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ABC pulls corporate tax analysis for failing to meet ‘editorial standards’

The ABC has removed an analysis piece by Emma Alberici which discussed the proposed changes to company tax rates after it failed to meet the national broadcaster’s “editorial standards”.

At the same time, the ABC revised the news story which accompanied Alberici’s opinion piece following criticism from various business commentators and reports of complaints from the Prime Minister’s office about both articles.

On February 14, ABC News online published two stories, one which examined why various Australian companies did not pay corporate tax and the other, an analysis by the ABC’s new chief economics correspondent, Alberici.

The news article by Alberici was not removed, but was amended with extra information and context

The analysis piece claimed one in five of Australia’s top companies had paid zero tax for the past three years, while the news story – which remains on the ABC website – also criticised Qantas CEO Alan Joyce and his company, for not paying tax since 2009. Joyce is a strong supporter of Prime Minister Malcolm Turnbull’s proposed plans to cut business tax by 25%.

Alberici’s analysis was criticised by Joyce as “very misleading”, telling the ABC on Thursday his company had not paid company tax because it had not made a profit.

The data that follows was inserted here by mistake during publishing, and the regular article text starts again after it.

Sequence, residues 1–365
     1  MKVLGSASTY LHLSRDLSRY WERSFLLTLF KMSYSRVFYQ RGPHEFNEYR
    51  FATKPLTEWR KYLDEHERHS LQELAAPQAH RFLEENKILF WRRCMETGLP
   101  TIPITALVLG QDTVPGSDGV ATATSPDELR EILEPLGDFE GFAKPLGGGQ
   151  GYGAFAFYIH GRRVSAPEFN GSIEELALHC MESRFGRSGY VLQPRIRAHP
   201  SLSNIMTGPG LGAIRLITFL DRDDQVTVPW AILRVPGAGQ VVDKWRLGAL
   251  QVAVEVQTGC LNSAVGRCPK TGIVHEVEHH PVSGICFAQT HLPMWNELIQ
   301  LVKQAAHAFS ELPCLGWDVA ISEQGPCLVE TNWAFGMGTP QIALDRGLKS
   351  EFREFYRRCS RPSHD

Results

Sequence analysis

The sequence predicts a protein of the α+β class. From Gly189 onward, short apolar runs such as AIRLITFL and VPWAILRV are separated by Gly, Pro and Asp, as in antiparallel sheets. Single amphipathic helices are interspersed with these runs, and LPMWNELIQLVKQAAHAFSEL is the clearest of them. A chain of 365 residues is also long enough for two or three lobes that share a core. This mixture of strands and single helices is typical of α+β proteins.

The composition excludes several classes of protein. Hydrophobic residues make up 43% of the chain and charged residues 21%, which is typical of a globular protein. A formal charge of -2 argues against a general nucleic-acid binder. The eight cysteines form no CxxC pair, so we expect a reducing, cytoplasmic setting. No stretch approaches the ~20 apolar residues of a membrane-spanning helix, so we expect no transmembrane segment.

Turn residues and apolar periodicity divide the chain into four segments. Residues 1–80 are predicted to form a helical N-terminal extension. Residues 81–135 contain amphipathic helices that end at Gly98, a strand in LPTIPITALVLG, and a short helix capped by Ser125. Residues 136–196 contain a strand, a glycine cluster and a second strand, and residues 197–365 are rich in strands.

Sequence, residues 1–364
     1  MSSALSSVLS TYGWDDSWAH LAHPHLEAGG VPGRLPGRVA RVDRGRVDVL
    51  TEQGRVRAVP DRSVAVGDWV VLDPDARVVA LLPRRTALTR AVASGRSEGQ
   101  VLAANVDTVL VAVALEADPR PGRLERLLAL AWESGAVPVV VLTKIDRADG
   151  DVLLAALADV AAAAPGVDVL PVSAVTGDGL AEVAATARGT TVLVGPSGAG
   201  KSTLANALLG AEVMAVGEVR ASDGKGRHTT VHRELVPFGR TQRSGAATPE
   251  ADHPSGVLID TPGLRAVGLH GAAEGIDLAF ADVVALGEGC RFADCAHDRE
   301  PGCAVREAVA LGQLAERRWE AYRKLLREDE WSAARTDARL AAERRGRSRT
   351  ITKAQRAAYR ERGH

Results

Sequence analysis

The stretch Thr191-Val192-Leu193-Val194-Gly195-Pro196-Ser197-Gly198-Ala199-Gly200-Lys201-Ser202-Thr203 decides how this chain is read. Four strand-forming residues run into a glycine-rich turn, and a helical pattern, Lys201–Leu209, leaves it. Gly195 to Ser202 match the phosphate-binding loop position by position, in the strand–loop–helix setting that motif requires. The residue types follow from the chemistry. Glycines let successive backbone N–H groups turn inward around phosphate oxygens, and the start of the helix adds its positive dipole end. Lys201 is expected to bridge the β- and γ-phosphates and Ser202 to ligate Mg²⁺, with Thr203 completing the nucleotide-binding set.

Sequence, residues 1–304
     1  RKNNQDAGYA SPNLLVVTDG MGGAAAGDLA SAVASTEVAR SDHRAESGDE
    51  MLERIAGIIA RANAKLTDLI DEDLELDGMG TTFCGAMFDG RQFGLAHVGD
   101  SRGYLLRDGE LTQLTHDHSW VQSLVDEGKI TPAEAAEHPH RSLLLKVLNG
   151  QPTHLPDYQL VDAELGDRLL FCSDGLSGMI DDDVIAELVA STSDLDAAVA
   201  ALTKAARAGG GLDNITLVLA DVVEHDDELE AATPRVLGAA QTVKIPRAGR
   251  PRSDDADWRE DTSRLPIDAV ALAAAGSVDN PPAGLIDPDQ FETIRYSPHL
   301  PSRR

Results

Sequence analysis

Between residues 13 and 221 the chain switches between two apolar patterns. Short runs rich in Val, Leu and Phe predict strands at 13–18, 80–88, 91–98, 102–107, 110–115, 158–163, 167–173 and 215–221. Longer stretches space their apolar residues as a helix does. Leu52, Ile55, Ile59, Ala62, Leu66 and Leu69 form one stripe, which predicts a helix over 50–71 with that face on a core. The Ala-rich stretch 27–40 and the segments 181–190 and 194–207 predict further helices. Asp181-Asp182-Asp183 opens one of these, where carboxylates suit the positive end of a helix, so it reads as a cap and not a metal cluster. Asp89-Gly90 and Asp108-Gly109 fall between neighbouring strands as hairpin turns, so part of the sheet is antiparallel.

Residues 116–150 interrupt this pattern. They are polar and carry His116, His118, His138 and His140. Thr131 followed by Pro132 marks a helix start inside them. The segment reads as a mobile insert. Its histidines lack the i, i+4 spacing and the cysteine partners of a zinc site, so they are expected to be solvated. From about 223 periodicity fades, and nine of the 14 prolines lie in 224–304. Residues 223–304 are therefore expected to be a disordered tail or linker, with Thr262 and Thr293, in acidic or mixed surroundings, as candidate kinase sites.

It was also critiqued by Prime Minister Malcolm Turnbull earlier in the week,  as “one of the most confused and poorly researched articles I’ve seen on this topic”.

Alberici’s article was described as “incredibly misleading” by Qantas chief executive Alan Joyce

The Australia Financial Review’s Rear Window columnist Joe Aston said the article exposed the author’s “innumeracy“, explaining the available data the Australian Taxation Office show that 32 of Australia’s 50 largest companies paid $19.33b in company tax in FY16. He added the other 18 paid nothing due to losing money, or carrying over previous losses.

On February 16, the ABC released a statement, informing readers the analysis has been removed for further review, and the original news story had been updated with information and further context.

“Complaints about the stories have been referred to the independent complaints handling unit Audience & Consumer Affairs, which will examine the editorial issues that have been raised,” the statement said.

“Any suggestion the ABC is responding to outside pressure over these stories is incorrect. They have been subject to the normal ABC editorial processes. The internal review of the stories was begun before any complaints were received by ABC News.”

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